This paper presents a “gravity model” of civic deviance and the principle of reparative responsibilities, addressing the question of when citizens are justified in shirking their civic obligations. Provided an unjust society, this paper raises the proposal that principled civic deviance (CD) should be, at the very least, permissible to varying levels as determined by a gravity equation. In select cases, it is arguable that CD may be obligatory. The gravity model, which sets to define the degree of permissible CD, features considerations such as the unfairness of the basic social structure, the individual extent of injustice faced, and the balance of CD-enabling natural duties against CD-restricting natural duties. In responding to one’s natural duty of justice, reparative responsibilities (RR) consign varying degrees of CD obligations, depending on the individual’s stake in injustice, beneficiary and contributory status, capacity to prevent and respond. Hence, individuals affected by an unjust state may permissibly, or necessarily, shirk their civic obligations only in line with their natural duties and RR.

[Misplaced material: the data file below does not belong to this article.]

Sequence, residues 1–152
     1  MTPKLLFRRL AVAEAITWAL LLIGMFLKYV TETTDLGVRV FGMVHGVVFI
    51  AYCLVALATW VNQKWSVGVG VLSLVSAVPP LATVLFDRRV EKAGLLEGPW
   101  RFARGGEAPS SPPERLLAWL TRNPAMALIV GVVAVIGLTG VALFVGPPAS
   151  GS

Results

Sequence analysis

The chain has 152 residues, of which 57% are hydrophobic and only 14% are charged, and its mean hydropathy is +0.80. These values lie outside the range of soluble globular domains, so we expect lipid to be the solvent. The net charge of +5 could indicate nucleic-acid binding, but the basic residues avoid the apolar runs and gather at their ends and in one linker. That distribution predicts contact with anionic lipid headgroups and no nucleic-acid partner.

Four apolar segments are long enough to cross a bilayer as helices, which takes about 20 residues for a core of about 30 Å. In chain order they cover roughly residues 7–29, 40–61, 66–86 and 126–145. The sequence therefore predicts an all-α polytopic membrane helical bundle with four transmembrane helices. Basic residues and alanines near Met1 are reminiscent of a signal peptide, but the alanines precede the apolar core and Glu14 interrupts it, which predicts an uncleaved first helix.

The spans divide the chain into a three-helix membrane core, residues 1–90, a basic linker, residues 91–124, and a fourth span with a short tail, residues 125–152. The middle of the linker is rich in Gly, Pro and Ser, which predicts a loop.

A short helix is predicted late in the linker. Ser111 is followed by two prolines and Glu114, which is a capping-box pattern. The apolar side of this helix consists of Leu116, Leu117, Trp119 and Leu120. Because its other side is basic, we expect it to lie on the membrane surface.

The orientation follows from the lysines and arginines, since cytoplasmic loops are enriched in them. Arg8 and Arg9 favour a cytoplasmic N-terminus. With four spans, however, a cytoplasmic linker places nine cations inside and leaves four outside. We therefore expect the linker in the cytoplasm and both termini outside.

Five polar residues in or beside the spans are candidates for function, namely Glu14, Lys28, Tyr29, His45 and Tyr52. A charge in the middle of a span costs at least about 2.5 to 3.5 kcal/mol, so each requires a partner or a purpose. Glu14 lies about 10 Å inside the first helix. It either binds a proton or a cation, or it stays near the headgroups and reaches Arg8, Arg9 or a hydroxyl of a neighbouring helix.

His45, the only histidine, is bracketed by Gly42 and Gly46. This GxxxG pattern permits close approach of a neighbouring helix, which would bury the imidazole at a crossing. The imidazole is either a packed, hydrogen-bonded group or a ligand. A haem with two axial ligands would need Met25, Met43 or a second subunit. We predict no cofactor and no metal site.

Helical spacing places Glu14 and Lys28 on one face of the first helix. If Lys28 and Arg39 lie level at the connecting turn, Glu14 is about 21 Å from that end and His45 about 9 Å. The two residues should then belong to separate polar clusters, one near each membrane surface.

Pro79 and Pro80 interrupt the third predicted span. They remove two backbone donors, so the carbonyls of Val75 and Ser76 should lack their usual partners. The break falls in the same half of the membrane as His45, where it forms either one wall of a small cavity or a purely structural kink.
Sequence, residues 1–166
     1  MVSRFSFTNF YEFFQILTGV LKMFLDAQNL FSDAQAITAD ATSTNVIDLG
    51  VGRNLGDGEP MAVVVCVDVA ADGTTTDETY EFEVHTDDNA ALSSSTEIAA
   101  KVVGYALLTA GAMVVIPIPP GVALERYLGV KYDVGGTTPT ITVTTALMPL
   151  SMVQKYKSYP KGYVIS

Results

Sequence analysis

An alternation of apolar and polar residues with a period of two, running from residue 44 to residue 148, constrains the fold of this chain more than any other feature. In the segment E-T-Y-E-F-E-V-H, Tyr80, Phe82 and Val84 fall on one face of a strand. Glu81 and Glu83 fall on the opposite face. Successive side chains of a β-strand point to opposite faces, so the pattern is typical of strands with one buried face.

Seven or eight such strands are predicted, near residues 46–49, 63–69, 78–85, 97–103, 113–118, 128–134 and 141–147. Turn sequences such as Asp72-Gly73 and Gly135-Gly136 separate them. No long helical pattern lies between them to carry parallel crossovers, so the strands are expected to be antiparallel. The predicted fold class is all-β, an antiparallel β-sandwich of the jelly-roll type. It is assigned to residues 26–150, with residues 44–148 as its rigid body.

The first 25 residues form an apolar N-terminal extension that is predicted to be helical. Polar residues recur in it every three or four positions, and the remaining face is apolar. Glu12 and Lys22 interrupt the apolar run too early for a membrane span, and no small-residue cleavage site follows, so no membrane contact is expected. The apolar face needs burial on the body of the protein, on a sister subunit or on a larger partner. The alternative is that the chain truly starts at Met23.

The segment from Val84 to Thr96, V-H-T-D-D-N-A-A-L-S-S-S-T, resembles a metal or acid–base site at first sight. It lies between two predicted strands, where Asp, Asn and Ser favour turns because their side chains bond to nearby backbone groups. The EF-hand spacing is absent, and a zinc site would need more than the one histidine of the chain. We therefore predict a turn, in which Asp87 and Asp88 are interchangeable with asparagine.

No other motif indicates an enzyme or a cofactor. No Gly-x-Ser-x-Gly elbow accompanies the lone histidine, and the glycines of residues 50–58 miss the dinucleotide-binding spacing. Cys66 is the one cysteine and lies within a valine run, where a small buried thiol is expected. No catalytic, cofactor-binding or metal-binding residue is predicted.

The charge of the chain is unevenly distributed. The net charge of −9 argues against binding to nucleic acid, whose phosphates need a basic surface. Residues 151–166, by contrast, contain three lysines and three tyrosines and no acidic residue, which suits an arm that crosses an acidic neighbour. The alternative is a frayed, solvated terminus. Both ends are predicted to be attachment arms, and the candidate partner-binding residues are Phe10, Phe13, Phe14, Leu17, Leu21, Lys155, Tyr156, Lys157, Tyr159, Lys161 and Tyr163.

"A Gravity Model of Civic Deviance: Justice, Natural Duties, and Reparative Responsibilities,"
International Social Science Review: Vol. 96
, Article 1.
Available at: https://digitalcommons.northgeorgia.edu/issr/vol96/iss3/1
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